At this moment in time, all I can reveal is that I've used two different custom builders who let me select the components I want (I then add more myself later from other vendors) - this is a precaution in case one builder doesn't do a good job. Both are delivering at about the same time, though there are differences between the two builders that I'll explain now.
First up is CCL Online, who are a custom builder I've used for my previous desktop PC and they did a reasonably good job. However, 15 months later, they haven't improved some of the issues I had with my previous PC's customised build and if you're sticking with one custom builder, I'm not sure I can recommend them any more as a first choice.
The issues with CCL Online are:
- Quite a limited choice of options for each component, particularly for ATX cases (so much so, the "best" case they still have is the one I got 15 months ago, which I know was only a mid-range non-gamer case).
- Forced purchases of at least one SATA hard drive (but not forced SSD purchases?) and an often unwanted optical drive, which don't make any sense when you don't have to purchase an operating system with the machine!
- Not many options if you want a quiet or silent PC (which for a media centre build should be a desired goal - I wish the decibel rating of components was shown in the technical specs!).
Second up is Computer Planet. They seem to have just a simply better configuration setup than CCL Online and offer so much choice, it's almost overwhelming:
- The case selection is stunning and includes ones designed to be silent or very quiet, plus typically pointless gamer cases with places for LED lighting, windows etc.
- The only forced purchase seemed to be a wireless PCI card, but it's actually possibly useful and not expensive, so I don't think I can begrudge them too much for that.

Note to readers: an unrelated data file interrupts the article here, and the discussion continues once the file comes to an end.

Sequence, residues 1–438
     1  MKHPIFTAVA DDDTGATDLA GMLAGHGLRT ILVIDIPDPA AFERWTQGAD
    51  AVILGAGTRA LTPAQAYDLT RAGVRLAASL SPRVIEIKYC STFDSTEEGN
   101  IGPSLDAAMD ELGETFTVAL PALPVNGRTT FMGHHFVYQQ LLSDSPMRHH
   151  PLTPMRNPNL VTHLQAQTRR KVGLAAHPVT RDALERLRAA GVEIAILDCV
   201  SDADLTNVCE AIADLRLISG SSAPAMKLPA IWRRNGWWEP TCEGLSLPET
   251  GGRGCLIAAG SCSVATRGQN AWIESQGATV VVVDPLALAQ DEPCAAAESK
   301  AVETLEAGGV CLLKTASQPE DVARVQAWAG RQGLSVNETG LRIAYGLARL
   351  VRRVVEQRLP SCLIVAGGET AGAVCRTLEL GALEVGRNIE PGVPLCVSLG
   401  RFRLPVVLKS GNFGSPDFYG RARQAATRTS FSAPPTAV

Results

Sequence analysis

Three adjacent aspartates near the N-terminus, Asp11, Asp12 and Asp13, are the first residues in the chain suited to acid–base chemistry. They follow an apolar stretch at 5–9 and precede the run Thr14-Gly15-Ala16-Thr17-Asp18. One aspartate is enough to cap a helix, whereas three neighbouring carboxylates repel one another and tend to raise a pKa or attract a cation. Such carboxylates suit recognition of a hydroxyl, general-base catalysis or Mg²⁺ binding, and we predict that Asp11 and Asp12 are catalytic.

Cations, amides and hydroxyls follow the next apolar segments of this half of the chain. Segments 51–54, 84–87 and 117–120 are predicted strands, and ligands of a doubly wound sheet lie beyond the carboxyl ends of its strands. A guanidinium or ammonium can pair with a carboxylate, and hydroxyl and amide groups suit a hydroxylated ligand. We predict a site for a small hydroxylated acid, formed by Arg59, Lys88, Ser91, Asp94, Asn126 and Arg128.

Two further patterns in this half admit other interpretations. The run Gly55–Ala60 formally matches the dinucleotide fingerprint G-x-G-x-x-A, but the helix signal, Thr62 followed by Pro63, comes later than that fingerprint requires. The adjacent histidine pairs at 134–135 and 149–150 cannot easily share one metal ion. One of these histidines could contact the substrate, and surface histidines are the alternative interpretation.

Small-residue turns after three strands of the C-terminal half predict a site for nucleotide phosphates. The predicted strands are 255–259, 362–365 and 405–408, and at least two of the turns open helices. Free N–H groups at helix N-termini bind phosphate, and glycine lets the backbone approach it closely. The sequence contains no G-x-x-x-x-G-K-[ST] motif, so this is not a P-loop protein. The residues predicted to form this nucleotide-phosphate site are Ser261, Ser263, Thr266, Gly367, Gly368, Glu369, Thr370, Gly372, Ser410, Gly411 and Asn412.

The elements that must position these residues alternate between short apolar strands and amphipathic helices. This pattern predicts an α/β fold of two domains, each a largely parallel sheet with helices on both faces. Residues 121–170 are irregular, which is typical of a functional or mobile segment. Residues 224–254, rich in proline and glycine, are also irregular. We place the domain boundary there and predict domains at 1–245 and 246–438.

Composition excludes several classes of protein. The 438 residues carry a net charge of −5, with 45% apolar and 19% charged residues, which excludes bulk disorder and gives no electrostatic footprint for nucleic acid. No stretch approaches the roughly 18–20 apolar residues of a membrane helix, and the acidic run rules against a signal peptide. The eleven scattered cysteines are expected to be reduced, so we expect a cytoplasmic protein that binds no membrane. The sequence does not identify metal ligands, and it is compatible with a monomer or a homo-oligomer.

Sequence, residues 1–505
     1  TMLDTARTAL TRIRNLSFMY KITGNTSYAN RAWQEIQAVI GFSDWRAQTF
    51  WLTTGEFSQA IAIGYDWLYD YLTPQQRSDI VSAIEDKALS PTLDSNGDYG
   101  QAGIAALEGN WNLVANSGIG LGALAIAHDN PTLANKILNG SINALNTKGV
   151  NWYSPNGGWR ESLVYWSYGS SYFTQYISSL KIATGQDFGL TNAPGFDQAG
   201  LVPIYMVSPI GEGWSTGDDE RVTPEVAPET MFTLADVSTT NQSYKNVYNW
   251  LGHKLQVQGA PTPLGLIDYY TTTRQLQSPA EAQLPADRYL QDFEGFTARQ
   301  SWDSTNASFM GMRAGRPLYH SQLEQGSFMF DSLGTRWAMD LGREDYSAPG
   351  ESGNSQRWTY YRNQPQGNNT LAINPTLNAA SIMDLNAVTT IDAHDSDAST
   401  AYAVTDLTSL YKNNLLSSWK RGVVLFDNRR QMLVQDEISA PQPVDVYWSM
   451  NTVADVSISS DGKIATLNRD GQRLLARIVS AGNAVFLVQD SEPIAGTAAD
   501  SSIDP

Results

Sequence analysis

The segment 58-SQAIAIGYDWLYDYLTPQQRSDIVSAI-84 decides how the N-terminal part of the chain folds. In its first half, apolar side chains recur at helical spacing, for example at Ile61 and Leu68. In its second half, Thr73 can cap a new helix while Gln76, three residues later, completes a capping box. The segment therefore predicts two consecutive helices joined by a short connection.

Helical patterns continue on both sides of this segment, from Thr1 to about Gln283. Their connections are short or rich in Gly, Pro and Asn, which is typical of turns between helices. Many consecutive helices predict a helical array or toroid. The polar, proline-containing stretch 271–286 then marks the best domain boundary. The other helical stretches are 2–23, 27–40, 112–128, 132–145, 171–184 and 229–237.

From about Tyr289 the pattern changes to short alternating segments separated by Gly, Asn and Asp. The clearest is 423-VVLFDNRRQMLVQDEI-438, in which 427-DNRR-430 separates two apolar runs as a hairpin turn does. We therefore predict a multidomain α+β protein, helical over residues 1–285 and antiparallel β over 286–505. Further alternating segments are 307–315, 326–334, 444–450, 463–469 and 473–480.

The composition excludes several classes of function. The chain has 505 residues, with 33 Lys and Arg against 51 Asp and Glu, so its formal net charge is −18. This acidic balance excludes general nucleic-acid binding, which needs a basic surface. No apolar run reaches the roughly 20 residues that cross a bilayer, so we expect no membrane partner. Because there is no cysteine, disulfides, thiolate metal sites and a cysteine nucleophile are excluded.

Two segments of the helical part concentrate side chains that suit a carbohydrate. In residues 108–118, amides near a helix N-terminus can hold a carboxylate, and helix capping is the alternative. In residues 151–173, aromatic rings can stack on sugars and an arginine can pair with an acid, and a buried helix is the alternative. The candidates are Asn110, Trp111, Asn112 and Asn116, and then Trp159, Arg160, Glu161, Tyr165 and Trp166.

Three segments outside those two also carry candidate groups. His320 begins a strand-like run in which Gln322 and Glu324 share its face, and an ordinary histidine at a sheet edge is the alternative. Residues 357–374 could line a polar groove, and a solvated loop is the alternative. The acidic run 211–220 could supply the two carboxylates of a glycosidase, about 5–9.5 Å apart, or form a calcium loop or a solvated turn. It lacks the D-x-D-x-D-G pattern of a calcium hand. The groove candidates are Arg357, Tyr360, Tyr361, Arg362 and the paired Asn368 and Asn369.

- Even power supplies have options for silent/quiet versions!
- You can opt for 2 different levels of soundproofing for that final quietness touch - I went for the cheapest of the two.
- One killer touch - they throw in freebies left, right and centre (Windows anti-virus [pointless for Linux of course], CyberDVD 9 [Windows, sigh], Windows Media Centre remote control [should work OK on a Revo], a handy DVI-to-HDMI converter and even a free game [3 years old and worth only £3 new...and it's Windows again]).
It should be noted that you can obviously save money by shopping around for each component and building the whole thing yourself. However, is it really worth all the time and effort (multiple vendors to have to RMA any faults back to and with differing warranty coverages) just to save maybe less than £100 on a high-end PC?
What you do when buying a custom-built PC is buy the minimum you can get away with (even to the point of no filestore if at all possible so it can't even boot!), set the warrany coverage as high as possible (I have 2 years on one PC and 3 years on another) and then shop around for the easy-to-add components (extra RAM, filestore, tuner cards) to add later on. Strangely, neither custom builder allowed you spec a "quantity" of item (e.g. 2 sets of RAM, 2 hard drives, 2 SSDs etc.) - they were all single items allowed only...they're missing a trick there.